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Cycle 6 (2017 Deadline)

Community-based monitoring and management of Madagascar’s National Park protected areas

PI: Lalatiana Randriamiharisoa,, Madagascar National Parks
U.S. Partner: Brett Scheffers, University of Florida
Project dates: December 2017 - November 2020

Project Overview:

6-134_Jan-Mar 2018
Photo courtesy of PI Lalatiana Randriamiharisoa
Madagascar National Parks (MNP) has a mandate to manage and conserve its protected area network of more than 2 million hectares of land; therefore, MNP needs efficient ways to collect data that informs its management practices. However, the data collected so far are disparate and are do not cover the diversity of ecosystems under the park system’s purview, a problem that might be rectified by tapping into the biodiversity knowledge of local communities and MNP rangers. Thus, this PEER project focuses on improving and streamlining MNP’s data collection process via integration of local communities. Protected area managers need scientific data and indicators to inform conservation decisions. The project addresses this critical issue by providing local communities the opportunity to participate in the conservation of their local protected areas. Integrating a community-based approach for monitoring biodiversity and regional climate patterns provides major biodiversity payoffs in creating a local economy tied to biodiversity monitoring, which creates value for biodiversity outside of traditional natural resource extraction and use. This project will test whether local communities can collect data and take leadership and ownership over the management of their local protected areas. This effort begins with the protected area network but by building capacity at the community level in monitoring protected areas (Hay Tao), the researchers will facilitate management of resources that spill outside the bounds of the of national parks (Mikajy). Proper land management is not an intrinsically intuitive process and skills must be taught to communities. At the end of the project, the team will assess the ability of the local community to effectively and accurately monitor biodiversity and ecological parameters across our sites, which will be done by contrasting results from their expert team with those of the community-based team.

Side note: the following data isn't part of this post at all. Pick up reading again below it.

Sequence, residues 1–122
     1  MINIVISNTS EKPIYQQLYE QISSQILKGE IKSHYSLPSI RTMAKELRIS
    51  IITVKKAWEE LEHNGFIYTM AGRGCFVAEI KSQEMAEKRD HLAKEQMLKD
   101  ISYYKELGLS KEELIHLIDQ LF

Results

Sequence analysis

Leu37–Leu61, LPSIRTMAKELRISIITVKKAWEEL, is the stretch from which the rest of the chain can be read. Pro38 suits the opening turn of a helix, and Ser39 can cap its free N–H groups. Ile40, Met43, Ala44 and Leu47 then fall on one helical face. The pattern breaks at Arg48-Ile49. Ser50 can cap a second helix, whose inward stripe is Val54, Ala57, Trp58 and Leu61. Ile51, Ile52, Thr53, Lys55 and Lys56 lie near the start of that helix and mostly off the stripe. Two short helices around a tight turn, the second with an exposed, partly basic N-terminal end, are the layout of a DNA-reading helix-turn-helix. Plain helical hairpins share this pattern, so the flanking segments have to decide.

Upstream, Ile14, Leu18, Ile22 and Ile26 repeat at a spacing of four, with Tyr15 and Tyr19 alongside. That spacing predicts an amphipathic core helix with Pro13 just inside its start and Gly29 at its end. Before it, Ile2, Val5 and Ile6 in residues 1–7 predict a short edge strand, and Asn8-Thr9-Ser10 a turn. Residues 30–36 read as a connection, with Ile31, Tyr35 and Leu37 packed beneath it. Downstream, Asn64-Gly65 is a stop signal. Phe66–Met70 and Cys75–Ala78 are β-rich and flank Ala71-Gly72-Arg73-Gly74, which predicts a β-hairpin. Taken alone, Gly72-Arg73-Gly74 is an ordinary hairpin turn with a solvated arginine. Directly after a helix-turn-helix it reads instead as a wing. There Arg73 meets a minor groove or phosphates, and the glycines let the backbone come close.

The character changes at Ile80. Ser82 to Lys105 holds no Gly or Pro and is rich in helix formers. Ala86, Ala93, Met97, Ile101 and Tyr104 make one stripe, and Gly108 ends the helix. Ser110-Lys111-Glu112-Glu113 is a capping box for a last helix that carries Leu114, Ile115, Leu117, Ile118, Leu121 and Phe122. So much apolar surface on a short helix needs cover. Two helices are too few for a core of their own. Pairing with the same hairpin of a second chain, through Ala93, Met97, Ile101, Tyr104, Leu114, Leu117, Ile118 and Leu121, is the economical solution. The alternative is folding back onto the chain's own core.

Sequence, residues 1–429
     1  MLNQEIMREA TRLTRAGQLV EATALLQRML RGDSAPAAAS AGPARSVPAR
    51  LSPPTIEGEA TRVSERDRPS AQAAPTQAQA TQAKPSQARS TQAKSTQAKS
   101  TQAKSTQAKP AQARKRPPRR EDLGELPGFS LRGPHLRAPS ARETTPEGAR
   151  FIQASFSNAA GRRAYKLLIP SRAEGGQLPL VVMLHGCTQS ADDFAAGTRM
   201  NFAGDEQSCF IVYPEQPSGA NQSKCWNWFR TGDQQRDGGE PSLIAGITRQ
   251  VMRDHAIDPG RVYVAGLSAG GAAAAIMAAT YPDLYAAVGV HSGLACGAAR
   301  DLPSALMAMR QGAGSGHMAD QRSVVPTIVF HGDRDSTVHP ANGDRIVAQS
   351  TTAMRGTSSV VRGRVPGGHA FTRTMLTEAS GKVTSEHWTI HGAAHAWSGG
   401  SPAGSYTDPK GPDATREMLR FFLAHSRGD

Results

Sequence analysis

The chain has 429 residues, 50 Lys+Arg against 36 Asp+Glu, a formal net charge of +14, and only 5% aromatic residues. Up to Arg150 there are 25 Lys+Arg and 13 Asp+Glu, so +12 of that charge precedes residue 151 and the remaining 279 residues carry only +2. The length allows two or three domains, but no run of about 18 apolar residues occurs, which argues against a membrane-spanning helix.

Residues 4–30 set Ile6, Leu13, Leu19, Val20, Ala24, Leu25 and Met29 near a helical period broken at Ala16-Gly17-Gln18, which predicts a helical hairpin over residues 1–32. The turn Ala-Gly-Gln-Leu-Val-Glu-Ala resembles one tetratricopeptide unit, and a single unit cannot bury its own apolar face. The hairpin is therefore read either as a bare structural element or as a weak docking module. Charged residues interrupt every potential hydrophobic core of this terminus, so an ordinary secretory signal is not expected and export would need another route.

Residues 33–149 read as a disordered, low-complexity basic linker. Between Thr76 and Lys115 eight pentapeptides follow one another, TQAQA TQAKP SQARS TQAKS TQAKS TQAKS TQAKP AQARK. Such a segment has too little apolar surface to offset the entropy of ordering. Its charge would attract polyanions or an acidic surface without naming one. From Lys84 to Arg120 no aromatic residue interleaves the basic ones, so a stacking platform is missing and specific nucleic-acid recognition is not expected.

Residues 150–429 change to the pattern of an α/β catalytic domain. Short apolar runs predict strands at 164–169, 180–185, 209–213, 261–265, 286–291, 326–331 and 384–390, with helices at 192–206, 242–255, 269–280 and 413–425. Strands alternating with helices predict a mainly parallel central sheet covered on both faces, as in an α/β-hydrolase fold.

In carrying out the project, the team will leverage the CLPs, local community groups created by the MNP system with members who are elected or designated by the community to protect the forest. CLP members collect information on environmental pressures and biodiversity, and in this project they will be engaged on a trial basis to monitor and survey biodiversity in the protected areas. At the end of the project, the CLP members will have had an opportunity to enhance their knowledge and community linkages. Training for CLP members will be carried out by the PI and two other students, with additional support provided thanks to collaborations with professors at the University of Antananarivo, University of Florida, and University of Hamburg. During the project, equipment and materials will also be provided by these universities and by the MNP. Ultimately, the research team expects that data collection by local community members using different approaches and protocols will be developed and applied in the MNP to improve overall management of protected areas.

Project updates

During April -June, the team worked on preparing identification guides, which consist of a compilation of  lists of species of each taxonomic group (Lemurs, Carnivores, Birds, Reptiles and Amphibians) inventoried either by researchers (foreign or national) or by the protected areas’ rangers. The six study sites (Andohahela, Ranomafana, Andringitra, Isalo, Beza Mahafaly and Tsimanampetsotsa) have their unique fauna species; therefore, the MNP team prepared and validated six different identification guides for each site for training local communities and for data collection.  
Preparation of the training plan has been ongoing focusing on how to convey to the local community methods of identifying species in each taxonomic group.  Details of each training session including theoretical and practical training as well as exercises have also been prepared and stakeholders identified. According to the project PI, a judicious method and strategy on their team’s part is necessary for the training to be successful considering local community’s limited level of understanding of the topic.   
Future plans:
During the next 3-6 months, community-based biodiversity training workshops at each site will be conducted. During this time initial socio-economic data of each protected area will be assessed. This will  be the first instance of biodiversity data collection which will allow the team to assess community-based data collection capacity. Training on meteorological data collection will also be included in this training.  After two months, a second collection of data on biodiversity along with meteorological and socio-economic surveys will be conducted. Initial  data analysis will be done at the end of the sixth month period.

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